A miracle happened last month in Harris County Commissioners Court: Democrats and Republicans agreed on something related to criminal justice.

In a unanimous vote, the court called on the Bail Bond Board to enforce the 10% minimum for a cash bond. The move is intended to prevent defendants from circumventing high bail requirements, which are set by judges in an effort to protect public safety. Several bond companies have been caught making deals and allowing defendants to pay extremely low bail – 1% in some cases – for their release. This system of “freedom for sale” subverts the decisions of judges and, unwittingly, poses the problem of a public security policy that relies on the ability to pay.

Even as the surety commission kicked the box to make this change, Commissioner Rodney Ellis, a Democrat, aimed bigger and raised the idea to completely eliminate the cash deposit. “Our bail system is broken,” he said, suggesting Texas create a “safety-first system.”

It’s a good idea, but Ellis should give credit where it’s due – to the Republicans.

Even though election-year politics has some GOP members avoiding the question, Republicans in Texas and conservatives across the country have spent years calling to replace our unconstitutional system of state-based criminal courts. on wealth. Right now, Texans living in Democratic-run Harris County suffer from a crime-trial system that not only endangers community safety, but also violates individual liberty. Poor and working-class residents can be detained while still legally innocent simply because they don’t have the money to post bail. Meanwhile, wealthy criminals can use their ill-gotten gains to buy their way out of jail before trial.

Consider a recent example: the horrific vehicular attack in Waukesha, Wisconsin, committed by a man who was on $1,000 cash bail after being charged with domestic battery. The county’s risk assessment gave a fairly high risk rating, but the court ignored that red flag and through a cash bail system, the accused murderer was able to pay his way to freedom. In an ideal world, dangerous people should be kept in detention, no matter how much money they have. And people who pose no risk should not stay in prison when they could work and take care of their families.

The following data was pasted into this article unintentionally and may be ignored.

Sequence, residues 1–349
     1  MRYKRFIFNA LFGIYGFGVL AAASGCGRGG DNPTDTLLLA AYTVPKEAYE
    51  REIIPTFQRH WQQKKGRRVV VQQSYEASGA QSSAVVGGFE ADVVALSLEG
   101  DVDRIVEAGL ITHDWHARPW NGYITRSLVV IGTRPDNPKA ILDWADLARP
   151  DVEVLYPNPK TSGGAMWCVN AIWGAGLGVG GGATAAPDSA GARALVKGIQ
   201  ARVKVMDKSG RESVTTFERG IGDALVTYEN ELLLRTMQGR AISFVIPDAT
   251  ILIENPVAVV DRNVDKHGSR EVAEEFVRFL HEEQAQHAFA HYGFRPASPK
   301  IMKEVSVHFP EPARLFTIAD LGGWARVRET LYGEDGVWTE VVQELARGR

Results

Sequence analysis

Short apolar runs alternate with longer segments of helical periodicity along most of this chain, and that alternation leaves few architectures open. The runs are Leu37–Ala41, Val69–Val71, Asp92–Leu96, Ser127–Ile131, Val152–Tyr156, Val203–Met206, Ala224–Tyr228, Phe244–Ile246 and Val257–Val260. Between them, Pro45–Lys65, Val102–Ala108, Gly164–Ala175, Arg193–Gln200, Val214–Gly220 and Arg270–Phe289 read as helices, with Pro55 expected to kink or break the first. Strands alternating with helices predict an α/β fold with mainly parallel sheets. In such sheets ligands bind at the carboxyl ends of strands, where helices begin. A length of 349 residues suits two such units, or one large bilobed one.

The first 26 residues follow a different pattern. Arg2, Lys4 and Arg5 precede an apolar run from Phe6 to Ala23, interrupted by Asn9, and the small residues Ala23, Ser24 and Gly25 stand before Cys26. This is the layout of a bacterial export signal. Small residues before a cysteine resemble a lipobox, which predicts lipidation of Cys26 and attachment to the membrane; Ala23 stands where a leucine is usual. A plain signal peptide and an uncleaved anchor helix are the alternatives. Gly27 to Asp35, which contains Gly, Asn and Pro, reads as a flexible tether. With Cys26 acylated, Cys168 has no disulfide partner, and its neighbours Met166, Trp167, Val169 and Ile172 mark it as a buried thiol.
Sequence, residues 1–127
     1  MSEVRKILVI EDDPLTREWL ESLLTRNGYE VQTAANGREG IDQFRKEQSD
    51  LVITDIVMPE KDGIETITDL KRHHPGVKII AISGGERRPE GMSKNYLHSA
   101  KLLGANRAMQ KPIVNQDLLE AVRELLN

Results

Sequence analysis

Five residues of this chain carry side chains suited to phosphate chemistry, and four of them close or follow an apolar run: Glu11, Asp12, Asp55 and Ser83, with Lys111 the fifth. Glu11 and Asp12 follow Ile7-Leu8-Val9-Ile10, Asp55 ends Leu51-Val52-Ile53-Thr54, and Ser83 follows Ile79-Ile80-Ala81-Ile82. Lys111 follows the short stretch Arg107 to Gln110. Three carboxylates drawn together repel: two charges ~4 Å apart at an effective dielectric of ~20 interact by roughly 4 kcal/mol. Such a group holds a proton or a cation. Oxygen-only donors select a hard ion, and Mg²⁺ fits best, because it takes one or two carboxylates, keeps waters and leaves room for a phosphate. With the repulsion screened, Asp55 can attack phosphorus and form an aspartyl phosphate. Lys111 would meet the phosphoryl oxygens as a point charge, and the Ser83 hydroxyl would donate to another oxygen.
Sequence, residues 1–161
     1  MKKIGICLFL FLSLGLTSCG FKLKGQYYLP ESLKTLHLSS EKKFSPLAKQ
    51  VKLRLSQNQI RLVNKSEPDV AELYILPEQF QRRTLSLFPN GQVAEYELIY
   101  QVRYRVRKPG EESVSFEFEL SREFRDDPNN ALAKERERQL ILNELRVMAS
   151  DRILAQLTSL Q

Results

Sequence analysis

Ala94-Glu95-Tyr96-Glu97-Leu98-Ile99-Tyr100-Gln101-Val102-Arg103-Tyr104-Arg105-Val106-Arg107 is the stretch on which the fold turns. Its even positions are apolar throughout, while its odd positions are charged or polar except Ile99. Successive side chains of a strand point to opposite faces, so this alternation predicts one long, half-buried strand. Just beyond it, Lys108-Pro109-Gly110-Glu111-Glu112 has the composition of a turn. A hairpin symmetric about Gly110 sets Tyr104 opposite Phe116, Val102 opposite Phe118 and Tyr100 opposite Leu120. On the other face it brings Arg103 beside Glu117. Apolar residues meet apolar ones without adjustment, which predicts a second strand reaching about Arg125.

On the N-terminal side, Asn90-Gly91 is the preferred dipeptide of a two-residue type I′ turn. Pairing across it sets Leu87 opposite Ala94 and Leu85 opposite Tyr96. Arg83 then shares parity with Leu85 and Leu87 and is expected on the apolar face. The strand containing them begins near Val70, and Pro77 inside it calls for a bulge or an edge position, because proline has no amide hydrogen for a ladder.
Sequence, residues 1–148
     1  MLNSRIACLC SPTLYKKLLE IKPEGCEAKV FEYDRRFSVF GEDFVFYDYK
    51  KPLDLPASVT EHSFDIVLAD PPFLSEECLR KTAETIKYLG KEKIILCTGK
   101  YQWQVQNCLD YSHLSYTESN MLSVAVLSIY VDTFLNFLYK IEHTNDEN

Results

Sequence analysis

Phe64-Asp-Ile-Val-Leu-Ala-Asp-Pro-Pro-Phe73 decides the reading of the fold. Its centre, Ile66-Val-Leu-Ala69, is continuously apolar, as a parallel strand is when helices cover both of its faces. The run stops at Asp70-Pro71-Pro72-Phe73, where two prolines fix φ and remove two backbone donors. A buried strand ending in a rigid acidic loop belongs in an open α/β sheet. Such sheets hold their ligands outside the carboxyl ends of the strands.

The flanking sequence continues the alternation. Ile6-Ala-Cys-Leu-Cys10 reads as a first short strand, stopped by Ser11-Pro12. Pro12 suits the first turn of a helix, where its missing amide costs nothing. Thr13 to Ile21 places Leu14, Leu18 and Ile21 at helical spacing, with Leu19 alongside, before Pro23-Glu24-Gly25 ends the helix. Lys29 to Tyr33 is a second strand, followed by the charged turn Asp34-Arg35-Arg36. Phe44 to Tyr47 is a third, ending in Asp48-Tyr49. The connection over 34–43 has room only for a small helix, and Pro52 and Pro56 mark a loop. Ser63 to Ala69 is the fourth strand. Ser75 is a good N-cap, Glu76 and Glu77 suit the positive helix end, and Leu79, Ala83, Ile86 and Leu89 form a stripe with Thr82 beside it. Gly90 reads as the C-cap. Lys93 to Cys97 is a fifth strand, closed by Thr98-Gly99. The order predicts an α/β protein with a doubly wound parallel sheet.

This is why bail reform has been an essential part of Conservative criminal justice reform.

In his recent remarks, Ellis specifically referenced New Jersey’s risk-based bail system as a model. This state’s bail reform was endorsed by Republican Gov. Chris Christie, who, when challenged for his stance, pointed out that the only losers under the new legislation were the bail agencies that ” have made a fortune over the years, mainly thanks to the poor”.

In contrast, my home state of New York, where I spent my career as a police officer for the NYPD, passed bail reform with little to no Republican input or support. Implementation lacked adherence and made it difficult for the police to do their duty to protect the public. New York’s experience with well-intentioned but poorly executed bail reform has proven why it’s critical that conservative voices in favor of crime-smart bail reform be heard loud and clear.

Texas has many of these conservative voices.

Texas Supreme Court Chief Justice Nathan Hecht is a longtime supporter of replacing our broken cash bail system with a constitutional risk assessment.

“We think you should release people charged with offenses on their own recognizance if they don’t pose a flight risk or a threat to victims or reoffending or something like that,” he said in a statement. interview with the National Partnership. for preliminary justice.

Additionally, the O’Donnell consent decree that successfully brought bail reform to the Harris County misdemeanor courts was overseen by a Republican-appointed federal judge after Democrats swept local races.

But pro-reform is not just the view from above. The Republican base boldly endorsed conservative bail reform. In the 2020 party primary, 95% of Republicans in Texas backed a proposal that bail “should be based only on a person’s danger to society and flight risk, not ability.” to pay from that person”.

This bail reform language is echoed in the Texas GOP’s 2020 platform.

You can also hear this Conservative call for reform at the national level. Several conservative criminal justice experts, from the National Review to the R Street Institute, have argued that bail should be based on an individual risk assessment, not a cash bail system that ignores community needs. . U.S. Supreme Court Chief Justice William Rehnquist warned in a 1987 case that denying bail solely because a defendant cannot afford bail risked violating the U.S. Constitution, even whether he led the court to uphold a federal law authorizing the detention without bail of particularly dangerous defendants. “In our society, freedom is the norm, and detention before trial or without trial is the carefully limited exception,” he wrote in United States vs. Salerno.

I’m glad Democrats in Texas are finally learning facts about our broken cash bail system that Republicans have known for years. Hopefully they will join their Conservative colleagues in passing reform bills in the next legislative session that will make it easier to detain the truly dangerous, harder to break the constitution’s preference for temporary release and ensure that the public safety matters more than the profits of the surety industry. .

Jillian E. Snider is Policy Director for R Street’s Criminal Justice and Civil Liberties team, an assistant lecturer at the John Jay College of Criminal Justice, and a retired NYPD police officer.